Nature starts with two generous acts. The first is that it provides sunlight, a free resource that makes life possible on earth. Nature runs on sunlight, but sunlight alone cannot generate life. Its energy must be transformed into useable nutrients through the act of photosynthesis – which takes sunlight and turns it into nutrients.
Photosynthesis is the second generous act of nature. Nature requires active reciprocal relationships with the leaves of trees, grass, and algae to harvest the sun’s energy. Without photosynthesis, sunlight could not be utilized. The moon also receives sunlight, but because there are no trees or grass, it can not be transformed into nutrients.
The reason I consider photosynthesis the second generous act found in nature is because it establishes partnerships and collaboration as an essential requirement of life. It assumes that a partnership with trees, grass, algae, etc. is capable of showing up and contributing. Without this relationship, nutrients can’t be harvested.
Primary Self-interest Doesn’t Reflect Nature’s Design
These two generous acts are often lost in the way we see the world and our organizations. We readily accept that people are driven by self-interest without questioning if we can transcend this motivating force. In the self-interest mindset, the individual sees itself alone against the world. Sometimes self-interest can extend to one’s family or “tribe”. In these scenarios, an individual is within their rights to act in a way that serves themselves first and foremost. This creates challenges in families, communities, organizations, and societies. If everyone is fighting for themselves first, there is an assumption that they are all they need to survive.
Nature, however, isn’t designed to be a system filled with individual self-interest. Nature is designed to have relationships that help plants and other species survive. In fact, the more isolated a species is in nature, the closer it is to death. Thriving is always done in relationship with others because nature is designed as an interdependent system!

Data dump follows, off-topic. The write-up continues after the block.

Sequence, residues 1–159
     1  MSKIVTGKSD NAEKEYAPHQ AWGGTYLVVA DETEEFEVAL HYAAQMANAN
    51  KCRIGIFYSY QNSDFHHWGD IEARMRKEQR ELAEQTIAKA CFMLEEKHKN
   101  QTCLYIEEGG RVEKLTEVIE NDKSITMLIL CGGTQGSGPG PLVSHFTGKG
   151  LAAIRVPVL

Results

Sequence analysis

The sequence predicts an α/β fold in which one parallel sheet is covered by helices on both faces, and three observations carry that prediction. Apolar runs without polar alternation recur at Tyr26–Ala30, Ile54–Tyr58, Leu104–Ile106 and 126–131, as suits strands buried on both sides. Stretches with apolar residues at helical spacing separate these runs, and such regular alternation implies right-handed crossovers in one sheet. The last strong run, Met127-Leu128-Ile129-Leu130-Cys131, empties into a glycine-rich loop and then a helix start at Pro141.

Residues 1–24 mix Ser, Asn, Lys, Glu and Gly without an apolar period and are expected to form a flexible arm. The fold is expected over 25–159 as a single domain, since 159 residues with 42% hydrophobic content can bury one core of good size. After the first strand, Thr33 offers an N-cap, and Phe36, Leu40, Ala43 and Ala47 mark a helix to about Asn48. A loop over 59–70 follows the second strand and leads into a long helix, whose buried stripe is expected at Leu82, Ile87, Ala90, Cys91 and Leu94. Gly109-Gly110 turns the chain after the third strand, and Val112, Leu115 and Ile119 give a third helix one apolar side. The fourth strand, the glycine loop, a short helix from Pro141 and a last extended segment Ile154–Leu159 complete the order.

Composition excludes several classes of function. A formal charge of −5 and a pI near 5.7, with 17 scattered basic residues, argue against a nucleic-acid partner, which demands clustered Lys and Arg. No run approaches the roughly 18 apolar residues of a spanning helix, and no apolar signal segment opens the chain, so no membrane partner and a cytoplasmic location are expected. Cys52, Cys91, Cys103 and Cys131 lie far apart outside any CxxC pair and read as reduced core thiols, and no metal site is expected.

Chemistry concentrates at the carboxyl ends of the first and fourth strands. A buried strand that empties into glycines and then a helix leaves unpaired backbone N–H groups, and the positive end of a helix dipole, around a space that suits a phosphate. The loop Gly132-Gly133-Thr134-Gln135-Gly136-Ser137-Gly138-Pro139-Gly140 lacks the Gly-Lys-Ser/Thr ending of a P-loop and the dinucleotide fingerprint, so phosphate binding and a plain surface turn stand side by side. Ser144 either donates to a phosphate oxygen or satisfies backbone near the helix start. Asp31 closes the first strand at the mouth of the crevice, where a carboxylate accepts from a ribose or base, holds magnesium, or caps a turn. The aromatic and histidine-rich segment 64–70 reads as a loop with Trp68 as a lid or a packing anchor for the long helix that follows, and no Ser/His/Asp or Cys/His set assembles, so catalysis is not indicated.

What if organizations could be designed to create conditions of reciprocal generosity, where we were expected to work together in service to a higher shared purpose? Photosynthesis assumes that the earth has the capacity to use the energy of sunlight. When was the last time managers assumed that employees were fully capable of equally contributing value to an action, decision, or the larger organization? This essential belief is necessary for nature to work and is critical to an organization’s success. Generosity invites, supports, nurtures, and demands engagement because the leader believes employees are capable and essential.
If we were to lead an organization in a way that invited generous relationships, we would focus on the following things:
1. Build and Strengthen Integrative Power
Integrative power creates conditions where people are predisposed to cooperate and trust one another. Traditionally, we see power in a “power-over” dynamic, wherein a position and the person at the top has power over anyone below them. To strengthen integrative power, the power of position would need to be transformed into the power to include and the power to accomplish goals that are shared across the organization regardless of position.
2. Strengthen Authentic Reciprocal Relationships
Generosity flows through relationships. If our relationships are based on fear, generosity becomes extremely risky behavior. However, if our relationships are healthy and authentic, we build empathy and understanding. These attributes help us base our relationships on reciprocity which causes us to care and help each other.
3. Ensure the Organization has a Larger Shared Purpose that Transcends the Organizational Boundaries
When we focus on something larger than ourselves, our self-interest expands to enlightened self-interest. Having a powerful purpose helps people to serve the larger purpose and help and care about each other along the way.
Imagine waking up on Monday morning wanting to go to work. If our organizational culture was more generous in nature, would it also be more inviting and satisfying to work there?
Dr. Kathleen E. Allen is the author of Leading from the Roots: Nature Inspired Leadership Lessons for Today’s World (2018) and President of Allen and Associates, a consulting firm that specializes in leadership, innovation, and organizational change. She writes a blog on leadership and organizations that describes a new paradigm of leadership based on lessons from nature and living systems at www.kathleenallen.net.